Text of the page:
• Innovate or die


    Congratulations to all the graduates of Class 2014 including my son Matt who enters Grade 8 next school year. It won’t be long when he will have to choose a college course, one that will provide him a sure job, a steady income, and a comfortable life. If it were up to me, I would like him to be a lawyer or a doctor. Or probably have a career in the military. But he seems not to be inclined to it. I am not surprised. When I, too, was about to graduate from high school my own parents wanted me to take up banking and finance in college because they planned to put up a rural bank. I said that is not my interest. I wanted to be on television and dance and entertain, not count numbers. Although some afternoons spent with my Auntie Puring Tamayo at the Philippine Veterans Bank branch which she used to head, sorting out coins may have rubbed off on me as I am quite adept when it comes to household accounting.

    But what is the point here? As Trade Secretary Gregory Domingo stated in his message at the IDEA Global Entrepreneurship Symposium organized by PhilDev’s Dado Banatao of Silicon Valley, IDEA and USAID, in the old days, parents dictated to their children which careers to take. Today, many kids like to try to start their own business instead of being employed in big multinational companies. There is a change in cultural mindset making the future bright for entrepreneurship.

    Entrepreneurship is something we really need given the goal of inclusive growth, said Domingo.

    We need to enable the MSMEs because it is impossible to rely on big business alone to achieve it. Already, many government policies and programs are in place to push the entrepreneurial spirit. There is the Magna Carta for MSMEs which provides incentives, the BMBE or Barangay Micro-Business Enterprise Law, a nice concept but being poorly implemented.

    Just recently, the Upper chamber passed the Go Negosyo Bill sponsored by newbie Senator Bam Aquino to promote entreprenuership. As far as DTI is concerned, five Ms outline the support programs for the MSMEs: Markets (access), Mentorship (training), Money (funding), Machines (equipment) and Materials (raw materials).

    Innovation however, is key to sustainability whether it be in design or business practices. There is an Innovation Strategy by the DOST which aims to make the Philippines the Asian Innovation Hub. They will have to move faster to make that dream come true. We are thankful for STRIDE, a USAID program. Part of its mission is to help Philippine universities strengthen their applied research capacity to promote innovation-led economic growth in the country turning ideas to products. There is also IDEA Space Foundation of the MetroPacific Group which provides initial support to innovative entrepreneurs of more than $24,000 (P1 million) worth of funding, services, and training under a six-month business incubation and acceleration program. They will also receive business mentoring and office space in Makati as well as housing for non-Metro Manila participants, among others.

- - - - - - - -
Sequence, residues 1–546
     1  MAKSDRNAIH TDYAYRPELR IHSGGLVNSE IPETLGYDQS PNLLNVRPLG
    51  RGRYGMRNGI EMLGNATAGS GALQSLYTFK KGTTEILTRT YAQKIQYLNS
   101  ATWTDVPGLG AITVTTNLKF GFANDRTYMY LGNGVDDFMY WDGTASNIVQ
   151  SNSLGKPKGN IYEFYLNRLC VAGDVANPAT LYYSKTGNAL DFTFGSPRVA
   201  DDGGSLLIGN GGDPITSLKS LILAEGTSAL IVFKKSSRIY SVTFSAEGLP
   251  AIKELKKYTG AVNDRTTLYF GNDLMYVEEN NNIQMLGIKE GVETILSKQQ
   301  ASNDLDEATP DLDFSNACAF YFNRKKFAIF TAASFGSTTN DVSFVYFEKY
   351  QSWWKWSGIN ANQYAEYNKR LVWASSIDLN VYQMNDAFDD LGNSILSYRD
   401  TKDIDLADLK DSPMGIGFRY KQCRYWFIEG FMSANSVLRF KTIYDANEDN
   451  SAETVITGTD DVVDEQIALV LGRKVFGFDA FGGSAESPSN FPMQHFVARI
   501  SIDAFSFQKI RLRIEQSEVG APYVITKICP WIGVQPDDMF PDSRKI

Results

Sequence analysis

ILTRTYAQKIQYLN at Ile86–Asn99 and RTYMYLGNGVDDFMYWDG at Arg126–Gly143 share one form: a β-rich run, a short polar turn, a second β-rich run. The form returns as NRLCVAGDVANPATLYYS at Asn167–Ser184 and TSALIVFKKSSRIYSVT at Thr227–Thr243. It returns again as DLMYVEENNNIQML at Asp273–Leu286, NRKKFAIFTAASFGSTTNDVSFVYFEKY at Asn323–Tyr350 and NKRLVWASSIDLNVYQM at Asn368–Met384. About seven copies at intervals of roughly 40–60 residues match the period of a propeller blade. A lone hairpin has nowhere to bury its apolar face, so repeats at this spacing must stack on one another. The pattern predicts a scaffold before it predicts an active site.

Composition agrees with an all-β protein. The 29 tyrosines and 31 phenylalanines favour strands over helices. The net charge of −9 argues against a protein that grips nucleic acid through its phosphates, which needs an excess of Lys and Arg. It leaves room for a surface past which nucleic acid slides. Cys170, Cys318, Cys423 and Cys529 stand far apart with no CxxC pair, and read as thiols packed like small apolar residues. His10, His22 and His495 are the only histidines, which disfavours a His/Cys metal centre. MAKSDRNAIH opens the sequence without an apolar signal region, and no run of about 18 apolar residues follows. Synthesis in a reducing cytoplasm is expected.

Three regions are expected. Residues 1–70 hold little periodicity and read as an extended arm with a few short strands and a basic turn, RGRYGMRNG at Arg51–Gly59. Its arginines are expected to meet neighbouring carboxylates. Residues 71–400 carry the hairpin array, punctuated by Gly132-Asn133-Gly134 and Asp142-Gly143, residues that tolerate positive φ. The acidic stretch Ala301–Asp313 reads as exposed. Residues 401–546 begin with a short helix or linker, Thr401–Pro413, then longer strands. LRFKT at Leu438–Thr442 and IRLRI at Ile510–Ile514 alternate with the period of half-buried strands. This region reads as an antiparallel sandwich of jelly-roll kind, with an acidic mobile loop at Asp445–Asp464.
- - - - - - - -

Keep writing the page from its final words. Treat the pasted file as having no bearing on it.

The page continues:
What is lacking, Secretary Domingo points out, is an umbrella agency that will put together the big innovation program for a more concerted effort to push innovation.

    He enumerates what is needed. First, a strong government commitment to support science and technology by setting aside a budget for R & D.

    Second, a highly-educated workforce consisting of Masters and PhDs in the sciences such as physics, chemistry, industrial design or chemical engineering to sustain the innovation effort.

    Third, a business environment conducive to Research and Development so that more people will invest and by this we mean tax incentives to encourage start-ups and venture financing, easier registration processes and intellectual property protection.

    Fourth, strong business and academe linkages to produce the people needed by big business.

    CHED recognizes the role of the academia in molding entrepreneurship mindset in the universities. In fact, it realizes that it cannot produce a critical mass of techonopreneurs given the present set-up. Thus, CHED Chair Patricia Cunanan says for the immediate, it will be forming an inter-disciplinary group on technopreneurship and it will also issue a circular to all the universities to leave out some units for electives to be filled up with S & T units.

    While they are at it, could CHED abolish those courses that only produce bad politicians?

    God is Great!



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    1 Comment

    1. The article was written well and good and may I add that schools and universities should expunge from the curriculum those courses that the North Americans call
      “mickey mouse” courses, ex: courses in nationalism and other allied useless courses. Thank you.